The species composition and distribution of Ixodidae from companion animals in Alberta, Canada.

  • Author / Creator
    Fitzgerald, Daniel T.
  • This is the first major update since the 1950’s to the composition and distribution of hard ticks in Alberta. Sixteen species were identified, the largest number of tick species in a single report from Alberta. The most common tick species identified from hosts which had not left Alberta were Dermacentor albipictus, D. andersoni, D. variabilis, Ixodes kingi and I. scapularis. A geographic distribution in Alberta for each of those five species was determined using Maxent. The distributions for I. scapularis and D. variabilis are the first ever determined for Alberta. It was found that one of three ticks on dogs went unnoticed by the owner and required a veterinary exam to detect. Twenty-two ticks tested positive for the presence of Borrelia burgdorferi, the causative agent of Lyme disease. Sixteen of these came from hosts that had not left Alberta. The implication of finding I. scapularis ticks and B. burgdorferi-positive ticks is discussed.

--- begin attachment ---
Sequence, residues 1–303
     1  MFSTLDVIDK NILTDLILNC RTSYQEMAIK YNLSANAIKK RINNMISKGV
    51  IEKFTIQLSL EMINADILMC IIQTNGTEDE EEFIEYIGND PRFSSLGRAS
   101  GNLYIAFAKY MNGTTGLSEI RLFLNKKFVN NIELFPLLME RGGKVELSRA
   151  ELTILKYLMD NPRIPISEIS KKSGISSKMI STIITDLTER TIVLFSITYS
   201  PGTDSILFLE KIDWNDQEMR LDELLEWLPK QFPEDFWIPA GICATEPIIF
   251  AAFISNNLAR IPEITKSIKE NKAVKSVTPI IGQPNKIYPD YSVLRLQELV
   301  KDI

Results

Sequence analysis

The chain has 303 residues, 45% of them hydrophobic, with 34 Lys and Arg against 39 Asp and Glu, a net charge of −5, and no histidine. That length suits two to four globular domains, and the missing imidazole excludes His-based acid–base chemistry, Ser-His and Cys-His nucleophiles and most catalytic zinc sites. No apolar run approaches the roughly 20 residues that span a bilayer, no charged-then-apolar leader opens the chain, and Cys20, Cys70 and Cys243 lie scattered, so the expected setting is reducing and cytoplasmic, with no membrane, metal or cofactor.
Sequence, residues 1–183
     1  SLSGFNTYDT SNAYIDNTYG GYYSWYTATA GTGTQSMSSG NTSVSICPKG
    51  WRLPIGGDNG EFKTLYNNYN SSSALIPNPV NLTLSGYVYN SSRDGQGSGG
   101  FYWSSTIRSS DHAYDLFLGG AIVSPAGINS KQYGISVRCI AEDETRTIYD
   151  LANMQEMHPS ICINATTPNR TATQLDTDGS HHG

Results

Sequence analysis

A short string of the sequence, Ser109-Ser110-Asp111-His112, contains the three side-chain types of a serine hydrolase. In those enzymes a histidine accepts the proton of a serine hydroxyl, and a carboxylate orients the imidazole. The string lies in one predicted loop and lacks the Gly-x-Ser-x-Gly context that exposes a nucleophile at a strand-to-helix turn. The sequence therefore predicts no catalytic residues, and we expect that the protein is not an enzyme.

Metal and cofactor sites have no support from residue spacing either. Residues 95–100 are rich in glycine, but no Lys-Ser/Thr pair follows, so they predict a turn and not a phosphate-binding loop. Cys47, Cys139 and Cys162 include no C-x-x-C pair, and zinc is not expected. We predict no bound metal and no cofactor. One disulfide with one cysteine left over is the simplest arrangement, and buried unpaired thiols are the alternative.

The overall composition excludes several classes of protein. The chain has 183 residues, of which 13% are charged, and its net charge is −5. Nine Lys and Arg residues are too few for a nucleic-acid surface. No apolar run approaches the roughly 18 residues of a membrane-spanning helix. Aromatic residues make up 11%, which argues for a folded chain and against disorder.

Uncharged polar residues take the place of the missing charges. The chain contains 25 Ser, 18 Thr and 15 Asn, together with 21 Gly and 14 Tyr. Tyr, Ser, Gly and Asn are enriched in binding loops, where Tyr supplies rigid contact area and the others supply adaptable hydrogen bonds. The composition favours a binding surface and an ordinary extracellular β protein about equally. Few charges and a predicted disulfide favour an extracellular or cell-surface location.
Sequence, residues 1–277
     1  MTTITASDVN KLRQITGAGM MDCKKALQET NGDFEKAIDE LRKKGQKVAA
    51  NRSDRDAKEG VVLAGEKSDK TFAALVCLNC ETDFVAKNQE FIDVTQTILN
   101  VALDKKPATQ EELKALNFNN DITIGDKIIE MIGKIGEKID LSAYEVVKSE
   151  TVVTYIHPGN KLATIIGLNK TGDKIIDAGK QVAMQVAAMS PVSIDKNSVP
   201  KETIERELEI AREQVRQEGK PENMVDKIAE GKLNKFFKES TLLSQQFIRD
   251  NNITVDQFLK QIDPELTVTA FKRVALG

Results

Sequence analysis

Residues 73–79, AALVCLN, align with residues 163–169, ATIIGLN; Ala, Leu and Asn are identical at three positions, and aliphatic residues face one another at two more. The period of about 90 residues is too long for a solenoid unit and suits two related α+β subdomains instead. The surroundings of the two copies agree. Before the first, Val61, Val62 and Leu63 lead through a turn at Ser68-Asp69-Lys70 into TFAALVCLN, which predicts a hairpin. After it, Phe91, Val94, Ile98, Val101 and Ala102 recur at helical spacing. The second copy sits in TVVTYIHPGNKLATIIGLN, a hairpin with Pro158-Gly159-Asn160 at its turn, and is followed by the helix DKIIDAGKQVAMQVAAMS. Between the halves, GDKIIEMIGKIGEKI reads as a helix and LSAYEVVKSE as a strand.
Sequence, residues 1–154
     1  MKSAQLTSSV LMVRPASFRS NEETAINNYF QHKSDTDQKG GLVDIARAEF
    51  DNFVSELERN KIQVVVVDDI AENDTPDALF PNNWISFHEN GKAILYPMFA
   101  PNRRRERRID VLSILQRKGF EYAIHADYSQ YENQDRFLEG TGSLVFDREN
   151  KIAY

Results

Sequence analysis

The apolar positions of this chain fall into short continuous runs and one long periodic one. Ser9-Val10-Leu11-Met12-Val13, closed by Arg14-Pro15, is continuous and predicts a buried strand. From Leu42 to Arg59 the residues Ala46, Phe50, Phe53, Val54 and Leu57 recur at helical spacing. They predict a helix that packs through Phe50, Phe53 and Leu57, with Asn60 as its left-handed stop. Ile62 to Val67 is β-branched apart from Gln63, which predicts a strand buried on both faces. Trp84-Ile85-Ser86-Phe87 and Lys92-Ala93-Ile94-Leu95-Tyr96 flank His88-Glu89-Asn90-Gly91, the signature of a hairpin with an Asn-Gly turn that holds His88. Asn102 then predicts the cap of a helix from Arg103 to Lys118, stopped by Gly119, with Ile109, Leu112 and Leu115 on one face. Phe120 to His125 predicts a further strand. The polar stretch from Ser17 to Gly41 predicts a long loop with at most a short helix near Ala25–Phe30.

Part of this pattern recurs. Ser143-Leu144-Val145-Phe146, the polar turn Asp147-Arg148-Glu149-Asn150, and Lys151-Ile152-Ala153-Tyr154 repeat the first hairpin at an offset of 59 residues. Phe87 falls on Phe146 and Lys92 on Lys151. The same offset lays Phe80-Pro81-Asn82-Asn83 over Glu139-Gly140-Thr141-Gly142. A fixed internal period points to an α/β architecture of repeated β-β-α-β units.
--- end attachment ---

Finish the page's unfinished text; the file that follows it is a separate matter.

• Subjects / Keywords
  • Graduation date
    Fall 2012
  • Type of Item
  • Degree
    Master of Science
  • DOI
  • License
    This thesis is made available by the University of Alberta Libraries with permission of the copyright owner solely for non-commercial purposes. This thesis, or any portion thereof, may not otherwise be copied or reproduced without the written consent of the copyright owner, except to the extent permitted by Canadian copyright law.